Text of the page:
It’s All So Fragile

I just read something very exciting on the National Geographic website. It seems that the Mayan city of Tikal and its environs in Guatemala were much, much, MUCH larger than we previously thought. All this time, we were thinking the area was home to about 5 million people during the Maya classic period between 250 and 900 AD, when in fact it was more likely that this civilization’s population was about 10-15 million. That’s much more densely populated than medieval England was.

How did we reach this conclusion? Scholars used LiDAR, which is a sort of penetrating radar that can look through the vegetation to see previously undiscovered structures. (Check out the photos in that NatGeo article. They’re really quite fascinating.) They were able to find the ruins of more than 60,000 houses, palaces, and elevated highways.

Holy cow, talk about a booming metropolis. To put that in context, cities about that size today include Bangkok, Thailand; Los Angeles, USA; Cairo, Egypt; Dhaka, Bangladesh; and Kolkata (formerly Calcutta), India. Clearly there was a lot more going on in the Tikal area than we previously imagined.

And how exciting for archeologists! It will take decades to sort through all this LiDAR data, and even longer to clear the growth off the buildings of interest. This is quite a breakthrough. We have so much more to learn about this ancient culture! There are some pyramids in there that are 7 stories high that you can’t see even when you are standing right in front of them. Now, they just look like jungle-y hills, lost in the underbrush.

That, to me, is mind-blowing. Imagine. If we abandoned Los Angeles for a thousand years, it would be so overgrown that no one would even know it was there!

That’s sobering. I mean, we walk around thinking that we are living in the realm of permanence, that we’ve made our mark and staked our claim on the earth, that our skyscrapers will last forever. In fact, from a cosmic perspective, all this stuff is fleeting. It’s here, but not for long. Not really. Someday it will be unrecognizable. The dry cleaner’s across the street will not even be there in 50 years, let alone 500 years. This moment in time won’t  be remembered, eventually.

It’s all so fragile. That makes the now seem all the more precious. I don’t know about you, but it has me looking at things with fresh eyes. Who wants to go to Tikal with me?

Tikal

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Time Passes

Here’s why I could never commit suicide: I know, for better or for worse, that I am not stuck in this present moment. Things will get better. Yeah, they might also get worse. But the point is, it’s all unbelievably temporary. Change is inevitable.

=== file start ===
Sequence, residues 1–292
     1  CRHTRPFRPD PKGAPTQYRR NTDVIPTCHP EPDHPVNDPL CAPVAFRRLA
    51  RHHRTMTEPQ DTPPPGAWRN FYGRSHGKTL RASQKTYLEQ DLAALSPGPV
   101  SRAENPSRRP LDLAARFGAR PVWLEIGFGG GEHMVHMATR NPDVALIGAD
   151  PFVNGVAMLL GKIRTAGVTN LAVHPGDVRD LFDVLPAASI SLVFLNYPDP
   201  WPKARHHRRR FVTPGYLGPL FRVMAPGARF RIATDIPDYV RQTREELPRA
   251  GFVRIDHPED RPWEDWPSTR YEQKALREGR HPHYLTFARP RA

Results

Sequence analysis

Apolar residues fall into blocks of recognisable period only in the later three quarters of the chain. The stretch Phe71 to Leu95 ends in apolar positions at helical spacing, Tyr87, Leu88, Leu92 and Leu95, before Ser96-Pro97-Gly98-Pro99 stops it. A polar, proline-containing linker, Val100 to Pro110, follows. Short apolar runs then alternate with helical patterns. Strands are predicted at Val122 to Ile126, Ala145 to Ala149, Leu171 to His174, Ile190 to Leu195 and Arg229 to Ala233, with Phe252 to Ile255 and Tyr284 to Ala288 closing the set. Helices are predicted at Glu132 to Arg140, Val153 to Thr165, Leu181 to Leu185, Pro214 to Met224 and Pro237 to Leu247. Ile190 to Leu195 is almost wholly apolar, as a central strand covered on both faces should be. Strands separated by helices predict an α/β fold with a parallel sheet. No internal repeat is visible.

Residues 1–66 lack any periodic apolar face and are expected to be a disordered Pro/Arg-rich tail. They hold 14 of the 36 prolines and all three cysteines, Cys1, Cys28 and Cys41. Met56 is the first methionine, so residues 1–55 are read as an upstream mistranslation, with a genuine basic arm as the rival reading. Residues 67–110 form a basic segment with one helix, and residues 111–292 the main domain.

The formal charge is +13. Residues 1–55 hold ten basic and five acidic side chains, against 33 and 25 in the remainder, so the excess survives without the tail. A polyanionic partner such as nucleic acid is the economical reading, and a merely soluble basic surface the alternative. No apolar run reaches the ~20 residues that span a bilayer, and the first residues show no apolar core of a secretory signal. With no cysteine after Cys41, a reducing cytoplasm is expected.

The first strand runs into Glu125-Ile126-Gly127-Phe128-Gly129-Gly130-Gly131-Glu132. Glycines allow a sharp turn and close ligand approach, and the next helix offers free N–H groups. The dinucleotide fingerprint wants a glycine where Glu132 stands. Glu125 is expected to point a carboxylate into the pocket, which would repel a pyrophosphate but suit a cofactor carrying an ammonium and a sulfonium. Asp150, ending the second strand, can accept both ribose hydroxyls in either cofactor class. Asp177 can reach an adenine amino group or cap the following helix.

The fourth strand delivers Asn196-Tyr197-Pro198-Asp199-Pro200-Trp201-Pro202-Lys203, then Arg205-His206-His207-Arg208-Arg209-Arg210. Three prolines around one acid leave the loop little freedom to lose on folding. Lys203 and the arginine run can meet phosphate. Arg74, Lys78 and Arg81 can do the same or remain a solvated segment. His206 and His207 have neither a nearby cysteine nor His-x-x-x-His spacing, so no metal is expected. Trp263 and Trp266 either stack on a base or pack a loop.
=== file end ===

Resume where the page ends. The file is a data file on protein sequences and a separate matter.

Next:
The reason I’ve been able to endure all this home buying and relocation stress is that I was able to keep telling myself that this time next month, then next week, then tomorrow…I’d be done with all of that. And sure enough, I am. Now it’s time to focus on unpacking stress. And while that sucks, too, at least I know everything is here. Somewhere. In some box or another. I forget where. But it’s here. Really. It is. It has to be.

The more life you live, the more you realize that the pendulum swings back and forth. If you don’t like the point in the arc that you are currently experiencing, just wait. You’ll be gone from there in no time.

That knowledge also makes me value the now. It feels all the more precious because it’s going to be gone in a flash. Sometimes I feel the need to stop dead in my tracks and just take everything in. Breathe the air. Feel the sun on my face. Watch and listen to everything that’s happening around me.

Every moment is as unique and fragile as a snowflake. Personally, I want to stick around for as long as I can, because the snowflakes of life are infinitely fascinating to me. It would be a shame to miss even one of them.

snowflake

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Things I Hope I Never Forget

The shock of having the person I loved most in the world die unexpectedly two weeks ago has taught me much.

  • Life is as fragile as a soap bubble. It could pop at any moment and that’s it. You’re done.
  • Because life is so fragile, it’s precious. You only get a little bit of it, so savor every single second.
  • Because it’s so precious, it is absurd to waste your time worrying about the little things over which you have absolutely no control.
  • Everything is a little thing, except for the people you love and the people who love you. Nothing else matters.
  • Nothing. Else. Matters.

I vaguely remember learning these same lessons when my mother died 23 years ago, but somewhere along the way I got caught back up in the minutiae of life and forgot these things. I hope I never do again. They’re important. They are the only things that really are important.

Once you start viewing life through this particular lens, all the petty crap and drama tends to fall by the wayside and things become really simple. Don’t take the people you love for granted. Appreciate everything and everyone that comes your way. But most of all, stop wasting time.

Live!

Live

[Image credit: marian16rox.tumblr.com]